Maybe this is a good omen for them to rethink yet another remake and create something original. Yeah, right.
theslayer5150 on May 26, 2015
Maybe just pack it in boys.
OfficialJab on May 26, 2015
I find this insane. There was some serious money to be made off these films. If New Line wanted o make it into one long film, that's retarded. The book is nearly 2000 pages, and with two films they could of doubled their money? And three weeks before production started? You have to fucking kidding me. New Line had the opportunity to bring back some actual horror. With Cary not involved, this is fucked. This really could of been something huge for both New Line and Fukunaga, what a waste. This is a lesson to why studios fucking blow. I seriously hope some other studio tries to steal this away from New Line and give Cary his freedom. You're telling me they can't the money to produce one of the best/scariest horror novel of all time? Get the fuck out.
Ben Moore on May 26, 2015
They keep saying, "It is delayed. It is delayed".....WHAT is delayed??
TheOct8pus on May 26, 2015
haha....sorry...my comment was just a bad joke... "It" is the name of the movie... and "it" is delayed.... If I have to explain the joke, then it sucks....haah
TheOct8pus on May 26, 2015
I got it!
Huck PS on May 27, 2015
Yes!! Then my work is done here!
TheOct8pus on May 27, 2015
As much as I am terrified of IT (I mean IT literally haunted me numerous times in my dreams ha) it's sad to hear its delayed, especially with Cary leaving.
III on May 26, 2015
This feels sad, because poulter would be great as pennywise. Very very sad it is...
ari smulders on May 26, 2015
All right. No more. Done.
DAVIDPD on May 26, 2015
I can't understand why a fantastic 2 part film like IT, or a near masterpiece like Poltergeist would need to be remade? They aren't sequels and will undoubtedly be compared to the superior originals. It seems almost everyone involved has come to this realization. IT scared the hell out of me as a child, but I was exactly that, a child. Maybe New Line doesn't have faith a killer clown will have the same effect on an adult audience in a theater as it did on kids in their living rooms?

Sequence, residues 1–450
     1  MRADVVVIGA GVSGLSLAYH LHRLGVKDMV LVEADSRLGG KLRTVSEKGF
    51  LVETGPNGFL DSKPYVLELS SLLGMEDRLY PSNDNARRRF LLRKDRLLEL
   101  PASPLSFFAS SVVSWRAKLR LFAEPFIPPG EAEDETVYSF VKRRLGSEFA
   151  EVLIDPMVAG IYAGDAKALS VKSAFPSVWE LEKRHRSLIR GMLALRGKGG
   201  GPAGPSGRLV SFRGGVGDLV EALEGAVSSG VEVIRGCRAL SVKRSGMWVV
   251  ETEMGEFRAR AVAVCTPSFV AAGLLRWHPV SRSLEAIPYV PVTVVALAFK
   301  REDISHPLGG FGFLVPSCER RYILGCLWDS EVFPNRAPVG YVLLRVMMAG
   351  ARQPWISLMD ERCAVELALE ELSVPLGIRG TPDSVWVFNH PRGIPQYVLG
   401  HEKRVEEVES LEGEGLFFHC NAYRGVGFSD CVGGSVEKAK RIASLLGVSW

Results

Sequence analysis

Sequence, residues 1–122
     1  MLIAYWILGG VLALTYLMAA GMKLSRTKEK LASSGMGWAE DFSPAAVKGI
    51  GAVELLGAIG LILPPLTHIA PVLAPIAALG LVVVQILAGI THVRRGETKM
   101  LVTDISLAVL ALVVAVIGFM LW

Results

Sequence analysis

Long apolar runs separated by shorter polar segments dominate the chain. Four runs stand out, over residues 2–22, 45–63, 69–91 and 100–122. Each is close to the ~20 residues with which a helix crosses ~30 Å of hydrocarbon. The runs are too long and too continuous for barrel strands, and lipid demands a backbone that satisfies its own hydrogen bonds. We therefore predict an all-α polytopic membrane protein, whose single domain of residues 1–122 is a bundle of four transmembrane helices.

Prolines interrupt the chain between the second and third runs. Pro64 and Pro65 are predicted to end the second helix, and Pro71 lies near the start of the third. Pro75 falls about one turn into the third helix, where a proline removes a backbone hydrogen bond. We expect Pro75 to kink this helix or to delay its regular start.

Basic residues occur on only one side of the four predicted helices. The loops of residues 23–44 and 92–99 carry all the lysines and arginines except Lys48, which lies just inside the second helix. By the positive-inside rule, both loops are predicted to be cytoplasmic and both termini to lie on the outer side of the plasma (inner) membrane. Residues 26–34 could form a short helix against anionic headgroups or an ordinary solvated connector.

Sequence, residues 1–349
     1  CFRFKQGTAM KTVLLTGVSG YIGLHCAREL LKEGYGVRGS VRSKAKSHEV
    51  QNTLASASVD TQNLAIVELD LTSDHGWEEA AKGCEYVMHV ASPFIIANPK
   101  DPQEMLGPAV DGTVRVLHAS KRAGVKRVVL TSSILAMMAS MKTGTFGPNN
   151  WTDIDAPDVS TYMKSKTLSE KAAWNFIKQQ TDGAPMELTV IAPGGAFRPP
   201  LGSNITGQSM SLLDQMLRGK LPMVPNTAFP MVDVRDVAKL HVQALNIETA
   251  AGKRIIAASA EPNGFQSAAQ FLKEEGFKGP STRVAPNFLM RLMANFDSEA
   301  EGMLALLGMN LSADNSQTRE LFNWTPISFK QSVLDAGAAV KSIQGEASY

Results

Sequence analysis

BNN667 on May 26, 2015
I would've liked to see an "It" without the censorship constraints of the early 90's. I'm not saying it would've been better, but having a fresh spin and Fukanaga's take on the story and the characters would've defo been entertaining at least. Plus as with most Stephen King's stories, put them in capable hands and they get will kick ass (Carrie, The Shining, The Shawshank Redemption, etc...). The messed up thing here is a big studio wanting to remake a masterpiece like this one, for the love of the story they say, and then when someone comes up wanting to do it right, they turn it down because they don't want to spend that much money on it, all they want was to make money off of it (all puns intended). On a personal note, my girlfriend has been terrified by (the book version of) Pennywise since for ever, I would've love to see her reaction to Fukanaga's version...
Huck PS on May 27, 2015
If this movie ever got made it would be the citizen Kane of horror movies. Also it should be three movies. If they included everything. bummer.
speedracer on May 30, 2015